The rest of the day passed uneventfully for him.  With the coming of night, he chose a camp sight well off the trail.  There would be no campfires for some time now.  Dropping his pack, he leaned his walking stick up against a thick tree and began to make his bed.  He had packed a light sleeping bag, but needed some branches and leaves to insulate him from the cold and hard ground.  After gathering the required bedding he laid out his sleeping bag and set all of his weapons close enough that he could reach them in an instant.  His bed made, he scouted the area with his walking stick and made sure he knew the way back to the trail.  He didn't want to get lost at night if he was forced to run again.  He set a few snares and alarms that would awake him if anyone came into the area even though he doubted he would sleep very much, if at all.  His bed made and his traps set, he crawled into a nook in a tree and looked at the stars for some time.  It had been awhile since he had looked skyward.  And every time he felt the pull of the heavens.  He had always wanted to travel to those distant stars he saw.  But he knew he never would.  Every now and again it would bear down on him and a tear would roll down his cheek.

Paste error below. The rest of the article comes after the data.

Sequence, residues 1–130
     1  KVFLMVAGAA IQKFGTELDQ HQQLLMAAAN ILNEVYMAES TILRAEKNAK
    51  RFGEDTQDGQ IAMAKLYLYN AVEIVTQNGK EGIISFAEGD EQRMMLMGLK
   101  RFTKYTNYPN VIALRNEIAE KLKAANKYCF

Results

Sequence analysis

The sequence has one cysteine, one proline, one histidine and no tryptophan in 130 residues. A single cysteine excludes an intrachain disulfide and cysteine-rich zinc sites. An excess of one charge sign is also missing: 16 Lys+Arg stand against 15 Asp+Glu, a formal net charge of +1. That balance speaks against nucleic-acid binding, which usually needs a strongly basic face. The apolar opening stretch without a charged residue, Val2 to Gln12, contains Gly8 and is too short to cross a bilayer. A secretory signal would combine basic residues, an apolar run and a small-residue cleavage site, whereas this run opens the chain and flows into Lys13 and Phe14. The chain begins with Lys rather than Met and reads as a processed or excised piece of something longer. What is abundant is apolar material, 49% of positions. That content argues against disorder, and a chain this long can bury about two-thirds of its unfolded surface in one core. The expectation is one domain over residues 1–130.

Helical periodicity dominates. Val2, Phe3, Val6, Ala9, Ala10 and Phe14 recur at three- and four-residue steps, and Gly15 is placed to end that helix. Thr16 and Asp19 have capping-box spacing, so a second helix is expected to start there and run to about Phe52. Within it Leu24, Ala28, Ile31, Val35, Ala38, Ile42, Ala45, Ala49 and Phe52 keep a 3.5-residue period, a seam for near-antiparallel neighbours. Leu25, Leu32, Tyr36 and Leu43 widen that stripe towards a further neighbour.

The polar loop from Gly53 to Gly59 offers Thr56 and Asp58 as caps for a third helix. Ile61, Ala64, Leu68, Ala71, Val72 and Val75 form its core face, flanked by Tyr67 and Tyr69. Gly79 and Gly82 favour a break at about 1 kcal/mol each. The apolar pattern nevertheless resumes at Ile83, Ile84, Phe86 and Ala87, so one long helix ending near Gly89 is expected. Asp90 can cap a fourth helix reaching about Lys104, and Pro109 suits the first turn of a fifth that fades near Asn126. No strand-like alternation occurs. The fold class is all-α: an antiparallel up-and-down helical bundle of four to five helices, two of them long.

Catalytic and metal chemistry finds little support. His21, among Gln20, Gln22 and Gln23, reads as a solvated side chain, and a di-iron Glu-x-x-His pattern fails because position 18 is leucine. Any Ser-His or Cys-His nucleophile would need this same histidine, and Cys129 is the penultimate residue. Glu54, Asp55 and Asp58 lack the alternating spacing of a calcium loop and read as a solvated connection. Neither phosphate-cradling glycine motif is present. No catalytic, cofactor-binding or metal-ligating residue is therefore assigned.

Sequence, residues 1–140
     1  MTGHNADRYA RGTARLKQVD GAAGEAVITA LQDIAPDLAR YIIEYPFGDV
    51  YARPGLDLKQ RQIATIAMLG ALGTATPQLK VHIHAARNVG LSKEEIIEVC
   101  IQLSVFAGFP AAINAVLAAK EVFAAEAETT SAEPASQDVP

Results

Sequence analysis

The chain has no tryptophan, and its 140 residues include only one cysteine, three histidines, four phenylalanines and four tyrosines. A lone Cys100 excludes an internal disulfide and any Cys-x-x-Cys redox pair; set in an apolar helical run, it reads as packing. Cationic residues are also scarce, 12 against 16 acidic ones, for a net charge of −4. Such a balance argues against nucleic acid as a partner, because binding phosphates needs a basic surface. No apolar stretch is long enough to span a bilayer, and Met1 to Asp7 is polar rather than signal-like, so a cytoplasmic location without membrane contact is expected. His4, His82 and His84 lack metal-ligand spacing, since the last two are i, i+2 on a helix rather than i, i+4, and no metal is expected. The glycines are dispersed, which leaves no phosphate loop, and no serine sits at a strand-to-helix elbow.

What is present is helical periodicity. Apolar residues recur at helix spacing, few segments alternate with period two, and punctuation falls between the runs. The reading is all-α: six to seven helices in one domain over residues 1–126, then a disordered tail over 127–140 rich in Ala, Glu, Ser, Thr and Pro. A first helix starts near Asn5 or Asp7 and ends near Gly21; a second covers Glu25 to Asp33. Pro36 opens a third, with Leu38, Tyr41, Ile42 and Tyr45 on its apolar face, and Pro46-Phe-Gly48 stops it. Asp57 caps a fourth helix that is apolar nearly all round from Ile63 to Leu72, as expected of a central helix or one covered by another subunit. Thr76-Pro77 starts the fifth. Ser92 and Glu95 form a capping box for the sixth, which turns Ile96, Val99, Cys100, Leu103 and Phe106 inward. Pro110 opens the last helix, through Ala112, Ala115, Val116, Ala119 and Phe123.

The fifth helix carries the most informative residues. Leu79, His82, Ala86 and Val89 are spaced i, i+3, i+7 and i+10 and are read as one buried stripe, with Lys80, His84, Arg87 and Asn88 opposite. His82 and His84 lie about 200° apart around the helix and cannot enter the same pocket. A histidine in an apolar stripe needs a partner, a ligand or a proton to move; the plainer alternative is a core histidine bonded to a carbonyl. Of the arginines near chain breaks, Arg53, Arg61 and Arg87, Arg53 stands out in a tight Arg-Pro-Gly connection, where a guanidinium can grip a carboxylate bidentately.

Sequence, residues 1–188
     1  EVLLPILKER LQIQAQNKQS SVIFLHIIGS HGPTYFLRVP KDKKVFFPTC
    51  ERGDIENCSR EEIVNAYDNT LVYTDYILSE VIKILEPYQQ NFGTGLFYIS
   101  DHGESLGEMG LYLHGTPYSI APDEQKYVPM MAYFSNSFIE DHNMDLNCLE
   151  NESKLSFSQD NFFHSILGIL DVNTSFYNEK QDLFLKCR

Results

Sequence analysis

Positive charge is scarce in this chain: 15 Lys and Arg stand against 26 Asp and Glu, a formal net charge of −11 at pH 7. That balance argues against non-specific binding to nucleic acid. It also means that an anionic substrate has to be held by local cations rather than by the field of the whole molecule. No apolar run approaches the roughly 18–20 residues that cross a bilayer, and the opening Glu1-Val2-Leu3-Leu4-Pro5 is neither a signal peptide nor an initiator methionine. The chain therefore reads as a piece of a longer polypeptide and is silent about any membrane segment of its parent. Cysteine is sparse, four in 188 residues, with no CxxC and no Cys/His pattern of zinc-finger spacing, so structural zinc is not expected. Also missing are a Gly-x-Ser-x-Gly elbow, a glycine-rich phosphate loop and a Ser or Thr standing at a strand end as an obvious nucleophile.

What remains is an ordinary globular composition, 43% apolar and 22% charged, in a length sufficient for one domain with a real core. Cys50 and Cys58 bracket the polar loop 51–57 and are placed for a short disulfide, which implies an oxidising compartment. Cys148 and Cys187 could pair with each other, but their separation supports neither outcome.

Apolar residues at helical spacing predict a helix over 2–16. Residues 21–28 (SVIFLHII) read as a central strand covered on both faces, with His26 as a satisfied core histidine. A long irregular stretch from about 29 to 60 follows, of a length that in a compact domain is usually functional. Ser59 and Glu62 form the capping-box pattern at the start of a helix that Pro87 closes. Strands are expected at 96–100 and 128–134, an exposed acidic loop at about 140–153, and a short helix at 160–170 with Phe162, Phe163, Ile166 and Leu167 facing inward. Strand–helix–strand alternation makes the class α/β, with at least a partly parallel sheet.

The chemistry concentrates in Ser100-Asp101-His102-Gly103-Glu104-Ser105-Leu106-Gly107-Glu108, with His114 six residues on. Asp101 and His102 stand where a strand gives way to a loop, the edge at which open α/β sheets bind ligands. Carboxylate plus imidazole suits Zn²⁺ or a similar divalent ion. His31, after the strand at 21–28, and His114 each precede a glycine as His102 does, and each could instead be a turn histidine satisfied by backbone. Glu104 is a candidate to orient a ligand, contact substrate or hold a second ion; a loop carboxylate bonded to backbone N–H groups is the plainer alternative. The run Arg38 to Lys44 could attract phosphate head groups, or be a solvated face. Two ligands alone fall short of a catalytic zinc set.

But he never gave up hope.
The next day passed rather quickly and it felt good to have no intruders during the night.  Be they assassins or animals.  And over the next few days he thought he was making good time to his next destination.  He didn't know exactly what to do when he got there but he knew he would think of something.  He always thought of something.  Sometimes I take longer than I should, but I always think of something.  With these thoughts in his mind, along with so many others, he put one well worn boot in front of the other.
And so he traveled for many days.  Those days quickly turned into a week.  Then another.  It wasn't until his fourth week on the trail that he noticed the change in the weather.  He new he was getting nearer to his destination.

His pace had increased over the past couple of days.  He knew he was close.  He tried to restrain himself from just running the rest of the way.  The trail took him closer and closer to the city.  Then one night, while searching the area and setting his traps, he saw the many lights of campfires in the distance.  He wasn't sure how he would gain entry into the city, even though it wasn't much of a city anymore.  The buildings still stood several stories above the ground.  A few of the bridges still crossed the rivers that met in the middle of the city.  He remembered that some time ago he had actually been in several of those buildings.  He even knew people that had worked in them.  But all that came to an end all too soon.  Now the city lay in ruins.  It looked better than others he had seen, or heard about.  But it was still worse than what it once was.  Even then it was dirty, but nothing like the filth he could see now.  Even from such a great distance.